The climate is already changing, in some areas more than others. It's going to keep changing over the next century, even if humanity is successful in keeping the overall magnitude of climate change to below truly dangerous levels at the global scale. Governments can play a key role in dealing with the changes civilization can no longer prevent by providing funding and resources to help people and businesses adapt.
KBEff Global warming will bring profound changes to the globe as a whole — but the particular types and scales of these impacts will be profoundly affected by local conditions. Climate change won't just have general global effects — over time it will create specific impacts within your very own neighborhood. Because the changes people will face vary from place to place, local governments (city or regional) will be best equipped to address these problems — one-size-fits-all solutions won't work. National governments that signed and ratified the UN Framework Convention on Climate Change (see Chapter 11) agreed to undertake adaptation planning. Several countries, such as the Dominican Republic, Cuba, and others in the Caribbean, are also undertaking regional planning. But fundamentally, although climate change is happening globally, people need to react locally.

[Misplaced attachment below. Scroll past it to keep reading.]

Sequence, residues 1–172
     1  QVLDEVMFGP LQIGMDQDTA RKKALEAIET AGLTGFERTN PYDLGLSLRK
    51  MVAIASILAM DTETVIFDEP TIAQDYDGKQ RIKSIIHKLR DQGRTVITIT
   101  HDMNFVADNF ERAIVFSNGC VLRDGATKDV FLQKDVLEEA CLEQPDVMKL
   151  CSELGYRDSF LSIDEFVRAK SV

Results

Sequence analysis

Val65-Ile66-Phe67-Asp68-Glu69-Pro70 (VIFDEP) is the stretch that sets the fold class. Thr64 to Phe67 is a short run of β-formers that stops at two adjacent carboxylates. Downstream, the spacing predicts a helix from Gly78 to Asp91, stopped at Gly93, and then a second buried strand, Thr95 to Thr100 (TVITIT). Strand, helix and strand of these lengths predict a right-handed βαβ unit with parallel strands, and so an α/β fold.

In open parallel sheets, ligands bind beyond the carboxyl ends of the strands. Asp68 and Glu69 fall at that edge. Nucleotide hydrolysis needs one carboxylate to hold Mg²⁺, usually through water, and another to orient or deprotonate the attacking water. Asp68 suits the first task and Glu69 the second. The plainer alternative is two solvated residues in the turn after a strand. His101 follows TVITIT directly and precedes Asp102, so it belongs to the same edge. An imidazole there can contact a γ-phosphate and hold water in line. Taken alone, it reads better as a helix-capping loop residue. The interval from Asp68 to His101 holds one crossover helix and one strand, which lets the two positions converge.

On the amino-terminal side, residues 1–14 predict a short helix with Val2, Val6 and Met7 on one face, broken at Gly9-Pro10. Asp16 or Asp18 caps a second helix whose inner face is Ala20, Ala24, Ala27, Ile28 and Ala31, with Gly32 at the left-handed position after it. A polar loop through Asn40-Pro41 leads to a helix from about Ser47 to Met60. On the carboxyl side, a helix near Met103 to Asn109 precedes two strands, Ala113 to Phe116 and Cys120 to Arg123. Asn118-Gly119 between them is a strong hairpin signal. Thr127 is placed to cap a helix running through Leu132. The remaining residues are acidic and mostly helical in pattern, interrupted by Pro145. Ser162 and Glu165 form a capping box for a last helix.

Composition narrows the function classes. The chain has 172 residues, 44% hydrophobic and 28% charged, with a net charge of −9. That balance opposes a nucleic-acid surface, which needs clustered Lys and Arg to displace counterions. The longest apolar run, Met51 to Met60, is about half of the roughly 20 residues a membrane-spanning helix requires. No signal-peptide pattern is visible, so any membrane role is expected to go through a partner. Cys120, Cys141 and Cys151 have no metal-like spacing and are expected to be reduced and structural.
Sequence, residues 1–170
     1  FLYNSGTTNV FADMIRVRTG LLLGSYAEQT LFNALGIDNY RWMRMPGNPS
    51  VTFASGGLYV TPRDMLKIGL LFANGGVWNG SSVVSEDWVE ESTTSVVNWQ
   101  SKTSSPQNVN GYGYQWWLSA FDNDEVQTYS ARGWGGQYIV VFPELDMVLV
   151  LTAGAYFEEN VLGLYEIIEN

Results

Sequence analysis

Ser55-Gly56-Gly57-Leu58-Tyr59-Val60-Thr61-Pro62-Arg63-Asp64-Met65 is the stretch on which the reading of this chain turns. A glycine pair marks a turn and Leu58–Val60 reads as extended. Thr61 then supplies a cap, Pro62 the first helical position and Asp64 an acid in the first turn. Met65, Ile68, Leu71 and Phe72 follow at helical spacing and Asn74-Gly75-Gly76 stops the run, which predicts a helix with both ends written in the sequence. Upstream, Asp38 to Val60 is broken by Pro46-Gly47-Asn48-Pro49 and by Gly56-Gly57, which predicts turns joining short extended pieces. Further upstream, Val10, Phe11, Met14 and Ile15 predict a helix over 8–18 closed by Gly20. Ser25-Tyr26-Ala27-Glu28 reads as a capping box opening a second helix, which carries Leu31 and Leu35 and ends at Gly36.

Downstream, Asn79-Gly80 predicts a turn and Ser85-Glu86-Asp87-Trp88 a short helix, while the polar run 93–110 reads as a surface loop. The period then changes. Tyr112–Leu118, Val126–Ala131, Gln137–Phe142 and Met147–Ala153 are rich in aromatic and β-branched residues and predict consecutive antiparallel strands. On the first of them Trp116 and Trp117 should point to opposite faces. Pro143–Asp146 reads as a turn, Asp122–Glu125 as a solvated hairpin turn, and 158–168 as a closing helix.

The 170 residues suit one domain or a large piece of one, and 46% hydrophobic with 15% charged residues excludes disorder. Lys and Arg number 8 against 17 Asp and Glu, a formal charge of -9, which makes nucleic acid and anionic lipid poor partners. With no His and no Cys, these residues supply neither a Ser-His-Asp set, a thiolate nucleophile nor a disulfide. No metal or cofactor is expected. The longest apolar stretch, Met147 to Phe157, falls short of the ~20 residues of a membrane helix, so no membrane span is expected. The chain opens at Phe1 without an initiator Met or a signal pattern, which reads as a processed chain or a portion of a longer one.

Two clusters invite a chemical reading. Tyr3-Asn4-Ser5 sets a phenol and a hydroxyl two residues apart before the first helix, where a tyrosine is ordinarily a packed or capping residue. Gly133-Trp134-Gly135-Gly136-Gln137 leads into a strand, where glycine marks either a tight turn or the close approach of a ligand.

Miami-Dade County in Florida is a leading example of what local governments can do. Not only is the county committed to reducing emissions, it's trying to make sure that people are prepared for the climate changes predicted, including sea level rise, salt-contaminated drinking water, and erosion. Miami-Dade has formed a Climate Change Advisory Task Force to make recommendations. As one of a handful of local governments in the United States already worrying about this problem, Miami-Dade is serving as a pilot project for Climate Resilient Communities, led by the International Council for Local Environmental Initiatives (ICLEI). (See the sidebar "Local leadership," in this chapter, for more about the ICLEI.)
One tragic example of a failure to adapt is New Orleans. In light of global warming, the city council had just realized that they needed to take action to protect the city from extreme weather events. In the summer of 2005, the Mayor spoke out as a signatory to the Mayors' Climate Protection Agreement, which endorsed the Kyoto Protocol. (See the section, "Success Stories," later in this chapter, for more about this agreement.) He pointed out that New Orleans was one of the most vulnerable cities in the United States to severe weather events, and would be even more vulnerable given the trends of global warming. The city realized that they needed to repair the dikes and levees, and beef up emergency planning, but Katrina hit before they could make the changes.
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